Critical Shortage of Psychiatrists in Iowa Addressed

Mar 7, 2016

A shortage of mental health physicians could be alleviated under a program Governor Branstad announced today.

Iowa ranks 41st in the nation in the number of practicing psychiatrists.   So the state will spend $4 million for new psychiatric residency programs at three Des Moines medical centers, Broadlawns, UnityPoint Health, and Mercy Hospital.  

Branstad says Iowa educates a lot of doctors at U of I and at Des Moines University.

“But if they go and do their residency out of state, they tend to get job offers there and they don’t come back," Branstad said.     

Branstad says the state has supported other residencies to keep doctors here, but he says psychiatric residencies are among the most expensive.  

“Psychiatry has been one of those areas of critical shortage, and this we think will help address it,” Branstad said.

The money is in the governor’s proposed budget subject to legislative approval.    It would provide matching grants for the new residencies.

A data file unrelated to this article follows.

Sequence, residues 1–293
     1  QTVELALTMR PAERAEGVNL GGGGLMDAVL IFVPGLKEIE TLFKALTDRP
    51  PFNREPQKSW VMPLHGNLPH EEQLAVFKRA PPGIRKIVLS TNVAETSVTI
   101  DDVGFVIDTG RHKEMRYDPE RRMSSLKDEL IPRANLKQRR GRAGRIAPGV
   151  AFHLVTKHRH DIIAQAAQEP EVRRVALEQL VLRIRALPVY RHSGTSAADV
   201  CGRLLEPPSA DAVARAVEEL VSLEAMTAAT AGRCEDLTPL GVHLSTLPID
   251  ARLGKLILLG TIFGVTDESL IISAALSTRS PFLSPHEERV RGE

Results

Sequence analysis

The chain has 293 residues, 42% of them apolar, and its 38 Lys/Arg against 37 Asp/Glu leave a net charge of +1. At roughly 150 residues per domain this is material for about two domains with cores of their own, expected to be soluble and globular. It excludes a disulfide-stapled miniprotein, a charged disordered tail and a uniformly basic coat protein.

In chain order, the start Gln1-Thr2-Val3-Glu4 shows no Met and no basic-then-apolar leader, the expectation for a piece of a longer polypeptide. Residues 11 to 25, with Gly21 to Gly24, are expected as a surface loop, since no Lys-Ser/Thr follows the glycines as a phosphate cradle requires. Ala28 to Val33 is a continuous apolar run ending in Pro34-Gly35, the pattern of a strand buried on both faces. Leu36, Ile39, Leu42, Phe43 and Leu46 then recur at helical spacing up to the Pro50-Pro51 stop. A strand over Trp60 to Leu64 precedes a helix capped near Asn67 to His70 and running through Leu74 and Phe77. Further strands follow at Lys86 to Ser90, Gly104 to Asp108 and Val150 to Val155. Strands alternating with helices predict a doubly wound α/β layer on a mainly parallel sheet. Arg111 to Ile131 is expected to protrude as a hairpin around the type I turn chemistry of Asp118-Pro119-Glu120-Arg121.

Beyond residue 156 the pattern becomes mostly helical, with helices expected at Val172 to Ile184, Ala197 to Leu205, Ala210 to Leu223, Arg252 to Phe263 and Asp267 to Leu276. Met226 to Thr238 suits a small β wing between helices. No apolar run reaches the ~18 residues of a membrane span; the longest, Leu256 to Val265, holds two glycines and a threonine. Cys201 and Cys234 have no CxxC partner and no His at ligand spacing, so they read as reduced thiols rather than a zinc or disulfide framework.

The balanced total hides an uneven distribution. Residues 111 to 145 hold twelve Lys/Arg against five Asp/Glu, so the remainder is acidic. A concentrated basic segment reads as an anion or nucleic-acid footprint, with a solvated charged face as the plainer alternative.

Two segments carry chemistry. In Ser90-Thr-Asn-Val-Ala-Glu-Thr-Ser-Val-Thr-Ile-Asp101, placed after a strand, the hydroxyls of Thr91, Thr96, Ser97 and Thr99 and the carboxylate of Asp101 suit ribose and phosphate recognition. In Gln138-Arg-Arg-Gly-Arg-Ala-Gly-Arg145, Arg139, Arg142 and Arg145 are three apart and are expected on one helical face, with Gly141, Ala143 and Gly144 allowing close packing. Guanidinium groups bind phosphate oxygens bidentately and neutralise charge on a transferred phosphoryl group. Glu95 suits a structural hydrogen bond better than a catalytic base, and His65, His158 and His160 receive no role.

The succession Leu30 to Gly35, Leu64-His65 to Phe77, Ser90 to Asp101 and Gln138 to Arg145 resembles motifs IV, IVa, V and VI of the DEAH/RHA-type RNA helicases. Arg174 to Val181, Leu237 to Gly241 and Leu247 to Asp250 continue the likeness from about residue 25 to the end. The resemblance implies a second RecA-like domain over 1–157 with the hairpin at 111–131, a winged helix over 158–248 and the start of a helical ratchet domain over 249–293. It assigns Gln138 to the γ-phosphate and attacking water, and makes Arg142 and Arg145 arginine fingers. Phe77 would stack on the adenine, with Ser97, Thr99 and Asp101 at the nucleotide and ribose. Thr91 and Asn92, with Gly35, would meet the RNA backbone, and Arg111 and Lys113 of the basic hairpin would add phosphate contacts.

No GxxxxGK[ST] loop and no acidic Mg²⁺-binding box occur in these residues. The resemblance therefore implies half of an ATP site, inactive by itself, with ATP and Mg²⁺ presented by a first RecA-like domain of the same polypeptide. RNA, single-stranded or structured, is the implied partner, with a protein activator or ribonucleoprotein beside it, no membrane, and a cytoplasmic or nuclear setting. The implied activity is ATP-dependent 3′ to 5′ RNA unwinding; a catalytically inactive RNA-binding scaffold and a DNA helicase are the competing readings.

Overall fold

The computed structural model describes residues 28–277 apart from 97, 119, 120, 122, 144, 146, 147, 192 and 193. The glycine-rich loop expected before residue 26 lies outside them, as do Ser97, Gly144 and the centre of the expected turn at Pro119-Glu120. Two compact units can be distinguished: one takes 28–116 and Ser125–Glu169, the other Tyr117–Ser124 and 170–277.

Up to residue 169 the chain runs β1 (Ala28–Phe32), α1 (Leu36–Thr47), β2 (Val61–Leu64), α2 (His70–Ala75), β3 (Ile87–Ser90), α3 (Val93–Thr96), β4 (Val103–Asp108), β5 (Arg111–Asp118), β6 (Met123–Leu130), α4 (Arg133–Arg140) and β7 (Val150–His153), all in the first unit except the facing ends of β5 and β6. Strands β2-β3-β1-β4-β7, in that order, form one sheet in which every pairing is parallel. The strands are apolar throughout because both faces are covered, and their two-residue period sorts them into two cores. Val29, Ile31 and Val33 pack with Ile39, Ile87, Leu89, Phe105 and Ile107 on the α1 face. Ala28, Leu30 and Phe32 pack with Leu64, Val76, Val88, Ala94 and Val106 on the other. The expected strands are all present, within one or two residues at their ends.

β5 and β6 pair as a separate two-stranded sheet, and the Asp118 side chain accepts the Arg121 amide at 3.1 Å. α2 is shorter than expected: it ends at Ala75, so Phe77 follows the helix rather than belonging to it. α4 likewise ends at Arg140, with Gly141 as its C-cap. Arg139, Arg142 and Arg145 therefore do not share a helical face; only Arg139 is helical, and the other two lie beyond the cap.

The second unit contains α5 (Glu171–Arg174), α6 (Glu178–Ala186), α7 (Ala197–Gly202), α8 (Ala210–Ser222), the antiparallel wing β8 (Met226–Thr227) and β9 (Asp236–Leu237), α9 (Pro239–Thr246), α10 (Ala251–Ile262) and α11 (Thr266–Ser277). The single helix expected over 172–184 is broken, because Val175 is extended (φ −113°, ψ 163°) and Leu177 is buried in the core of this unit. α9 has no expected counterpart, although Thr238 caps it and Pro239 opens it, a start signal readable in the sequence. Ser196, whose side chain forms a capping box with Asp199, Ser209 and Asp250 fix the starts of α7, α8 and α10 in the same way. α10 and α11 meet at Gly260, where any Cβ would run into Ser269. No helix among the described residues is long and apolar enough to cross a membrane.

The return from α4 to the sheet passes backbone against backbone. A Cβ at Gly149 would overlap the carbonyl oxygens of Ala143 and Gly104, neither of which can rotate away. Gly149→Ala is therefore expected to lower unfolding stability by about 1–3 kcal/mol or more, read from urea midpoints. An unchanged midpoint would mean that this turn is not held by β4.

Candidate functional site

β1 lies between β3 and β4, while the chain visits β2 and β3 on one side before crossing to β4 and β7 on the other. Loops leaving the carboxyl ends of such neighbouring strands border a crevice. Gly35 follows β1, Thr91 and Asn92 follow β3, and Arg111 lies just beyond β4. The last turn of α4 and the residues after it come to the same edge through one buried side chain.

Officials say there is a clear pattern among doctors who graduate from the University of Iowa and Des Moines University.

"We have a 35 year history now with data that shows that if you go to either one of our medical schools and you do your residency in Iowa, there's a 75-80 percent likelihood that you will spend your entire professional career in Iowa," said Dr. Larry Severidt of Broadlawns Hospital.

University of Iowa Hospitals and Clinics currently has the only program in the state to train future psychiatrists.

"This grant will allow us to meet the challenges of patients with mental health needs," said Dr. Sasha Khosravi, a pediatric psychiatrist at Mercy Medical Center.